I always thought my mom was pretty. She always took great pride in her appearance. I think a lot of that was due to her insecurities about her fair skin, her red hair, her blonde eyebrows and eyelashes. She never left the house without a fresh face of make-up on and her hair perfectly put together
(unless it was to pick us up from early morning seminary…in which case she wore her sunglasses). She always looked beautiful and nicely put together.
I remember my mom once telling me, when I was a kid, that she wanted to look good for my dad. I always thought it was sweet that even after years of marriage, mom wanted to look her best for my dad. Of course he loved her whether her make-up was on or off, but I’m sure he appreciated the fact that she made the effort to always look her best for him.
One of my mom’s obsessions now is her looks. However, it’s much more extreme now than it was before the dementia. She hides away from us until she is no longer a “Plain Jane”. She never worried about us seeing her without her make-up on around the house when we were kids. She doesn’t even like my dad to see her without it nowadays. She keeps it on at night (her pillow is orange from the residue of her foundation), washes her face in the morning and immediately puts on a fresh face before she steps foot out of her bedroom. But…she doesn’t quite have the talent she once had in doing her hair and make-up. Those who know her have noticed the change in her abilities.
On Monday, like many other days that I have gone over there, I arrived at my mom’s house and knocked on her bedroom door before she was “put together”. It usually takes several knocks before I get a response of any kind…if I even get a response at all. This time, I had a Mary Kay lip mask and balm that she had ordered from me and has been impatiently waiting for. I used that as bribery for her to open her door for me.
Immediately upon opening the door, mom fidgeted with her bangs and shyly turned her face away from me, stating,
“I didn’t want you to see me like this like a Plain Jane.”
I reassured her that it didn’t matter to me and invited myself in her room. I stood beside her at her bathroom sink and tried to converse with her as I studied her beauty regiment. First, she squirted a half-dollar-sized amount of Mary Kay foundation into the palm of her hand (which is highly pigmented…the size of a dime would be more than enough). She rubbed it onto her face, missing underneath her eyes and not blending into her hairline or jaw line whatsoever. Next, she took the same amount of a dark tan-colored Maybelline foundation and did the same.
“Whoa mom, let’s rub that in a little better,” I remarked, trying to help her blend in the lines. “I think this color is a little too dark for you,” I added.
“No I need to do this darker too cuz I don’t like that I’m such a really white person too. This is really good too and Bud really likes this color on me too,” she said, as she slathered it on.
“I remember this lady in Corona when we lived in Corona and she taught me us how to do these things really good too…” she told me. She submerged her powder puff into a container of powder and, without tapping any of it off, patted her face, re-dipping the powder puff after each pat on the various parts of her face (cheeks, forehead, nose, etc).
“My Aunt and Uncle say I look okay too, even though I feel like I look weird and differently too now in my 50’s but they say I still look okay too thank goodness, and other women at church too say that I still look good too which is so good too,” she continued as she slathered it all on.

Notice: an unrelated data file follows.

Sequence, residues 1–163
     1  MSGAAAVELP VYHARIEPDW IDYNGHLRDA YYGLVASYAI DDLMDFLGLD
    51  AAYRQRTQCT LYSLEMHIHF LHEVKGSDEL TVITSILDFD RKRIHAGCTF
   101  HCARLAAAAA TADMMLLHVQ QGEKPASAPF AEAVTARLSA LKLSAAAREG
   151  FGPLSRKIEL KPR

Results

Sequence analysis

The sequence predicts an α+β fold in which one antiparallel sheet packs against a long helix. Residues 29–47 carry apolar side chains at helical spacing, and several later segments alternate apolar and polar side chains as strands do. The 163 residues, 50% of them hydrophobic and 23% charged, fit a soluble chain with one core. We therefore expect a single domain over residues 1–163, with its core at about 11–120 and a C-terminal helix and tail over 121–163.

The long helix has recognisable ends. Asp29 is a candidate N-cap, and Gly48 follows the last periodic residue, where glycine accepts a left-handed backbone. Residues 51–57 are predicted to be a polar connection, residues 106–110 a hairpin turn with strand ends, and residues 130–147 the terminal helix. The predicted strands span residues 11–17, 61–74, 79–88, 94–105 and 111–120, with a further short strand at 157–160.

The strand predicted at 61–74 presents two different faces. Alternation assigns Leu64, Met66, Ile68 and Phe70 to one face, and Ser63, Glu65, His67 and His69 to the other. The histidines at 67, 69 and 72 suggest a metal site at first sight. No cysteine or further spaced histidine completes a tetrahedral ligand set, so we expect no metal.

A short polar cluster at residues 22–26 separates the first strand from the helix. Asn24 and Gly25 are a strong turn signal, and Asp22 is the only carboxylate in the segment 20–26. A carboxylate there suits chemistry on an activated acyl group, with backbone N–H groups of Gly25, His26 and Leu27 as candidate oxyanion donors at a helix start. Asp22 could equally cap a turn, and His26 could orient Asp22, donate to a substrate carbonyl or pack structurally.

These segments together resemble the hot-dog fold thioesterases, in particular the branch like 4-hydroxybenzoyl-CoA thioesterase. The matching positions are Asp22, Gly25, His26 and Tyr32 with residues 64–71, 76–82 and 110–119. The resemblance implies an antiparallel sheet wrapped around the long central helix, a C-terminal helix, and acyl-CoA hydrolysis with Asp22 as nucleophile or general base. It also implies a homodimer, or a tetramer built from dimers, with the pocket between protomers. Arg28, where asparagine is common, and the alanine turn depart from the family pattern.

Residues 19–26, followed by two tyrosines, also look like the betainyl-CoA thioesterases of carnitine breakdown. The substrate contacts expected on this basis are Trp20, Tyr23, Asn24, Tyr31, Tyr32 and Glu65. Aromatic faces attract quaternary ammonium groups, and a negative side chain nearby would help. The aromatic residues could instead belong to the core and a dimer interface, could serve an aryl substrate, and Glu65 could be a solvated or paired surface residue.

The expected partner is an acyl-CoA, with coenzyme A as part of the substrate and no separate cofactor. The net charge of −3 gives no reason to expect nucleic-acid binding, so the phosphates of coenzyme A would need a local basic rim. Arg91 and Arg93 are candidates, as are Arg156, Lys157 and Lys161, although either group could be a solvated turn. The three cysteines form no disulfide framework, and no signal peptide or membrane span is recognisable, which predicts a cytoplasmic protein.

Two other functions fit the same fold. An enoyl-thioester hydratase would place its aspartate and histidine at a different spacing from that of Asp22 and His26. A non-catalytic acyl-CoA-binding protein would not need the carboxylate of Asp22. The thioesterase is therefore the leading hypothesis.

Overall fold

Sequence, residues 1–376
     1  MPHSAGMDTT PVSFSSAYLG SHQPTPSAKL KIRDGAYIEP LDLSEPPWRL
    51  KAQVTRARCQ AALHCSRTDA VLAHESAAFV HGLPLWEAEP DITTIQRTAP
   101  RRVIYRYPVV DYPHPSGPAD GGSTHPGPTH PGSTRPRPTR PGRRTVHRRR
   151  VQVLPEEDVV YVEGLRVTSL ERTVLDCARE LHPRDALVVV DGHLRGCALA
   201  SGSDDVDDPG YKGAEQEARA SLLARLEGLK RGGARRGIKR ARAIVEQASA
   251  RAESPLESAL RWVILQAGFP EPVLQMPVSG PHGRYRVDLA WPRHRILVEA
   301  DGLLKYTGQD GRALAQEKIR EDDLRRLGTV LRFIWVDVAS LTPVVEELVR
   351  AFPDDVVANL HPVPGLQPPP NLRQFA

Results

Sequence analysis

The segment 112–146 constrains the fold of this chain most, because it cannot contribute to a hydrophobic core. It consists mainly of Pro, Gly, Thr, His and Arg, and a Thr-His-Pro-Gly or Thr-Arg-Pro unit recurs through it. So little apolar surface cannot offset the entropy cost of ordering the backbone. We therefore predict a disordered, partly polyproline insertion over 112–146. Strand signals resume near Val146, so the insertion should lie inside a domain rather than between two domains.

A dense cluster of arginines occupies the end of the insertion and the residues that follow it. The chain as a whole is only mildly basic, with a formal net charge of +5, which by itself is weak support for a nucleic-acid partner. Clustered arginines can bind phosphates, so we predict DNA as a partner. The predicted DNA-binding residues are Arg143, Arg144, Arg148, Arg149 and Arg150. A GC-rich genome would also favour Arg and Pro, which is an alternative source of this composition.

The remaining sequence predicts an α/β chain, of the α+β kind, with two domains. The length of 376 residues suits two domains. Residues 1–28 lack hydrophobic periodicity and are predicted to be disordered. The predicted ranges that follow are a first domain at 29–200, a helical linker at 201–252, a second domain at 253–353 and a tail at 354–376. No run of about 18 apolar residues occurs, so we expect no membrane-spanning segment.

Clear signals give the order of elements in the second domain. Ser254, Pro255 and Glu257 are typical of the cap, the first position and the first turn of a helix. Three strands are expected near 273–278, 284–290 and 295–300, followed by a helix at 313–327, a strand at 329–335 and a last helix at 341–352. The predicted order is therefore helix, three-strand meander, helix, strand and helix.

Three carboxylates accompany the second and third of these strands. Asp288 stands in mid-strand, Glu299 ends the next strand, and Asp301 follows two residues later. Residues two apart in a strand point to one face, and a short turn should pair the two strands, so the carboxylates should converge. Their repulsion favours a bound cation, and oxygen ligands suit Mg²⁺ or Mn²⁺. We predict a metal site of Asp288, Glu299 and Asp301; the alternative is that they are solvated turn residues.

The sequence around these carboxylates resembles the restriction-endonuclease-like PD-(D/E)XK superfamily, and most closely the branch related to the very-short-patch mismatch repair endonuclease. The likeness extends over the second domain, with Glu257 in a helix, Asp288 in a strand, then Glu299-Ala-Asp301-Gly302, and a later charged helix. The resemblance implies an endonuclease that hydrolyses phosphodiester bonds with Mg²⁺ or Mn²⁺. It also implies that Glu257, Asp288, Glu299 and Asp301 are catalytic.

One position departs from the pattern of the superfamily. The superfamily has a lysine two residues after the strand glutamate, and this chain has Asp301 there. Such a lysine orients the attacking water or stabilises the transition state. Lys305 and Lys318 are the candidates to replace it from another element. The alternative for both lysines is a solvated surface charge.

She turned off the light in the bathroom and turned on a small light-up mirror which sat on her counter.
“This is such a good thing too. When Joe lived in that different place I had a different kind of mirror thing like this too and I don’t know I don’t know I don’t know if he has it still too,” she said. She swirled her cheek brush in a bright colored pink blush before vigorously rubbing it on her cheeks.
“This is my most favorite color,” mom remarked, as she applied her favorite navy blue eyeliner. “And Bud really likes it too, he really likes me this way too,” she added.
Mom continued to finish up her face: mascara (which she smudged on her eyelid), dark brown eyebrows and dark, pink lipstick. When she was finished with her make-up she turned her attention to her hair. After running the curling iron through her hair, she took not just one, but two cans of hairspray and explained to me that “that girl” who does her hair uses two different kinds of hairspray. She held the first can an inch away from her hair and sprayed, making her way around her head. When she came across a rogue hair, she would comb it down and plaster it with spray! When she was finished, she repeated the process with the second can. To finish up, mom took a bottle of Bath & Body Works spray and gave her hair several close-range squirts as she narrated,
“I tell Bud I put this on my hair too, he likes it too.”
She opened her blouse and put a few squirts down there as well as sprayed her arms and her hair-again.
As I watched my mom throughout this process, my initial reaction was to dive in there and tame down her “look”. But once I realized she wasn’t listening to a word I was saying (as I tried to help smooth out that jaw line) I just stood back and watched on. I admit it was partly amusing but a larger part of it was touching. I saw that innocence in my mom as she happily put her on make-up in an effort to look good for my dad. With every stroke of her brush and comment that “Bud likes it when I do this” I couldn’t help but to smile at the sweetness of it. Before, when I looked at my mom, all I could I see were the dramatic lines and colors that were too way dark for her complexion. Now, I see things a little differently. I see a woman who wants to look good for the man she loves. I see love.